Wine is really nothing but fermented liquid fruit, handled carefully and patiently.
In it’s simplest form, winemaking boils down to these four steps:

  1.  Pick lots of ripe grapes. Grapes make the best wine, and more than 99% of all wine worldwide is mad of this fruit. However, peaches, pears, apples, berries, and other fruits are used, though much less frequently.
  2.  Put the grapes into a container that is leakproof. (Imperative, because it’s that juice that is the nectar of the wine.)
  3.  Crush the grapes in the easiest way possible. There is no need to “stomp the fruit” as was done long ago, but it makes for a great topic of conversation over a class of your home-made wine!
  4. Wait patiently.

Once grapes are crushed, tiny one-celled organisms called yeasts begin their work. The yeast cells are natural inhabitants of all vineyards, and when they join with the sugar in teh grape juice, the sugar is slowly converted to alcohol. When the yeasts’ work is completed, the grape juice is wine. The sugar has been replaced by alochol in a process called fermentation. The riper and sweeter the grapes, the more alcohol the wine will have.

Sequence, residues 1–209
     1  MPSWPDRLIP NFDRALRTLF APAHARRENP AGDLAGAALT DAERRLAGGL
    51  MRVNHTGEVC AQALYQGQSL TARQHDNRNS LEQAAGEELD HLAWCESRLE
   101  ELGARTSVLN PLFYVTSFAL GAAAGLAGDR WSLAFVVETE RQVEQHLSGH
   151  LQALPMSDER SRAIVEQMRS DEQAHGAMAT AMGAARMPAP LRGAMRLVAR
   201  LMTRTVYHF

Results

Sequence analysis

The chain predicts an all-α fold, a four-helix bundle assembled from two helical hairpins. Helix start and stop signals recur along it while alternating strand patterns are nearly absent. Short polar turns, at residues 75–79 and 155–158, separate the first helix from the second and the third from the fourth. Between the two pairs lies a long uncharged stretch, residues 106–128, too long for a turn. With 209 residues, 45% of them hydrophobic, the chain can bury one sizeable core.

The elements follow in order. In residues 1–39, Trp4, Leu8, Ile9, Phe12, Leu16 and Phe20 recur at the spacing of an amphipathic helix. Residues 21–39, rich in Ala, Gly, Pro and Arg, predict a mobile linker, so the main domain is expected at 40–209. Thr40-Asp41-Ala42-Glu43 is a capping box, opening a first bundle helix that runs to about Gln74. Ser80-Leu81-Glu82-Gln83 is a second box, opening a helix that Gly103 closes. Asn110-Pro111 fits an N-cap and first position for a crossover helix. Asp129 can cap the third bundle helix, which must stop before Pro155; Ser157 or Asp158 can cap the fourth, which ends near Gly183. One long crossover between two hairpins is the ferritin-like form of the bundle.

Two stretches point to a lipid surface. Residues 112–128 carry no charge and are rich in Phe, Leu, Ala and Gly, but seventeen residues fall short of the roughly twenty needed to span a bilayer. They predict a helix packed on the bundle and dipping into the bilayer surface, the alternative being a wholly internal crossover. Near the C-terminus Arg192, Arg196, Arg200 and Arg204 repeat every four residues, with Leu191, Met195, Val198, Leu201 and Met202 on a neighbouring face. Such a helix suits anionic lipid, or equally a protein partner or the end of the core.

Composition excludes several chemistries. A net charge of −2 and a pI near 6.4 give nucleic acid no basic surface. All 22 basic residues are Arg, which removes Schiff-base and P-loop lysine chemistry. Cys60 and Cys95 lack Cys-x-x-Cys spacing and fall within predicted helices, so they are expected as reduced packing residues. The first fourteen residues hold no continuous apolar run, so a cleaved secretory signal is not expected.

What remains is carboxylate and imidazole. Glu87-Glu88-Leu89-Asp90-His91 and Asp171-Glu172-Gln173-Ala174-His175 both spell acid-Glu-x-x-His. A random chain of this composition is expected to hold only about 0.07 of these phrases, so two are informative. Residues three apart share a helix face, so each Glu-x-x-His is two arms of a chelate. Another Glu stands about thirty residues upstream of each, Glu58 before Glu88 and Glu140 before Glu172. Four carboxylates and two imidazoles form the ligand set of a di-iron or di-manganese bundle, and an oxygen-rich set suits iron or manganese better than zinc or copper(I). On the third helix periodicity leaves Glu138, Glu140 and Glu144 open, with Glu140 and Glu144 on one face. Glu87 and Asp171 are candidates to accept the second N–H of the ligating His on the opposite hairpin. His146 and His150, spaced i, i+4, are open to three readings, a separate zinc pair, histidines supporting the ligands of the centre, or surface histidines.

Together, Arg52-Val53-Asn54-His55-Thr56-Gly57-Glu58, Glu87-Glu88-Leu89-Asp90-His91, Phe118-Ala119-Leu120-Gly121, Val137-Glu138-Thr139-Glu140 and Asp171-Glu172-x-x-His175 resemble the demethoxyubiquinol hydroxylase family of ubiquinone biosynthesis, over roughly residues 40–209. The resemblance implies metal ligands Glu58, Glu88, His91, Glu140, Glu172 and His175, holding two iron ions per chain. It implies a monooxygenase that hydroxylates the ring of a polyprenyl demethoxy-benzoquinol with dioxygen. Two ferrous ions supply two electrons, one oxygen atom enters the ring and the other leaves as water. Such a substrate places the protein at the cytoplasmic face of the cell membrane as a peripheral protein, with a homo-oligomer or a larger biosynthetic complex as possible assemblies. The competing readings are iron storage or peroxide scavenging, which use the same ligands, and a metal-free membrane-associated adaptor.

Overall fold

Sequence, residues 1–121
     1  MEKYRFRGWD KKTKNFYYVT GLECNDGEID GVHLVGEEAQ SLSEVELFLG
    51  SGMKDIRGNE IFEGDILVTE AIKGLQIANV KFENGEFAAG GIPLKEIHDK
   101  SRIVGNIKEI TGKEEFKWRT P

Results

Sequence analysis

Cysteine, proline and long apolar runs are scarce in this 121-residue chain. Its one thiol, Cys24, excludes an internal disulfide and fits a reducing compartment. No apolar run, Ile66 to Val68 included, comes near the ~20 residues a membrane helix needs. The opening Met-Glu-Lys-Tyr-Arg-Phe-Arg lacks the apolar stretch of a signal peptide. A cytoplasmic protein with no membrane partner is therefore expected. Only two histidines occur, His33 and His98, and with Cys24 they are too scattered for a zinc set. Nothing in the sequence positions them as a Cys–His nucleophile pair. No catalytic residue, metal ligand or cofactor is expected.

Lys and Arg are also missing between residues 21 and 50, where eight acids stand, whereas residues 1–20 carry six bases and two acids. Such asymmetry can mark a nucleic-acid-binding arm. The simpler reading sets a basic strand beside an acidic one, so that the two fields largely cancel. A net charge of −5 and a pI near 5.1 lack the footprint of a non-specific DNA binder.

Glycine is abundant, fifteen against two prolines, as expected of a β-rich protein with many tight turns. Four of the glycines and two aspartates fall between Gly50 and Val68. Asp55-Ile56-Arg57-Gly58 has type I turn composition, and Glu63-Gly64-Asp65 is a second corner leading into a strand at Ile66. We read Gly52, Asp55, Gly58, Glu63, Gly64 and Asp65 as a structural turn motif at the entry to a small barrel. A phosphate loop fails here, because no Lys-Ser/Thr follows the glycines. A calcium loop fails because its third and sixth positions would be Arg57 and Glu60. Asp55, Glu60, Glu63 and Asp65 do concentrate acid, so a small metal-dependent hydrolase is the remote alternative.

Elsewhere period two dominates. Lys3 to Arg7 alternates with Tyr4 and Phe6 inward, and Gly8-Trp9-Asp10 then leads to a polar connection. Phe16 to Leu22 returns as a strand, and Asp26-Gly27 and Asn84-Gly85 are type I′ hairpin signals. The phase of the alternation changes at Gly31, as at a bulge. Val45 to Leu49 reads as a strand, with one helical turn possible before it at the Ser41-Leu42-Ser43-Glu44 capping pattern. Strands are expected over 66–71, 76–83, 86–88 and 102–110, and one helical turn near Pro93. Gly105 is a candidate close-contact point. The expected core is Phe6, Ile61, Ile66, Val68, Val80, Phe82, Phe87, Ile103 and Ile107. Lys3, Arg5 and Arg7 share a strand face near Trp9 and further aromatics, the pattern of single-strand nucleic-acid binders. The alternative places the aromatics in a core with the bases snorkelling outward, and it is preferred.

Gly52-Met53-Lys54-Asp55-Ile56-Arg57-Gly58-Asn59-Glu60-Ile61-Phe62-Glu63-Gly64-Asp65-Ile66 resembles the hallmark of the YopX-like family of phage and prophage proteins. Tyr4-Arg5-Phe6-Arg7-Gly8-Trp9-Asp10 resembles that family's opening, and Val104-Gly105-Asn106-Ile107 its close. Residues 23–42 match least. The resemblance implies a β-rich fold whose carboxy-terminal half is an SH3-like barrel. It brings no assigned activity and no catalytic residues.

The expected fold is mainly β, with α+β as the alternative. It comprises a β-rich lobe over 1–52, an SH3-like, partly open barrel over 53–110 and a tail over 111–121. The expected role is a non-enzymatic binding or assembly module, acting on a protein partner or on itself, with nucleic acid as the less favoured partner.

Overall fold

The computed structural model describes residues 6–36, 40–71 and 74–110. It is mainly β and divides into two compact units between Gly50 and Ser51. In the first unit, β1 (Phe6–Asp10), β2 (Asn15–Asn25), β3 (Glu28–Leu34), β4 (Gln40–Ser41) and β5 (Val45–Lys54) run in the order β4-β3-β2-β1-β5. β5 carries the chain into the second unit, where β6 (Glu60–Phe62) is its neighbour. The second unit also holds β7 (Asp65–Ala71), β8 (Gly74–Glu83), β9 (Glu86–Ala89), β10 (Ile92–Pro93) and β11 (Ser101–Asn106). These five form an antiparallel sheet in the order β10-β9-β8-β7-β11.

Fermentation is a natural process that needs no intervention from man at all once the grapes are put into a container. Some of the first wines known to man were ones created by Mother Nature alone. (Actually, those apples in the Garden of Eden? I suspect some of them may have fermented spontaneously, leading to the “friendship” of Adam and Eve.)

Have you ever left fresh apple cider in your refrigerator past its expiration date? What you will find is actually an apple wine!

To be honest, wine made in our four easy steps is pretty crude, and would not inspire too many people to request a second glass. Today’s winemakers employ several diverse ways to manipulate the outcome, which explains why no two wines are ever identical.

They choose the type of types of grapes, and the maturity level of the fruit. They control the size and type of fermenting vessel, (usually stainless steel or oak), and the temperature during fermenting. Then they decide how long to let it mature and in what kind of container. Needless to say, winemakers are decision-makers!

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Amy Heydt
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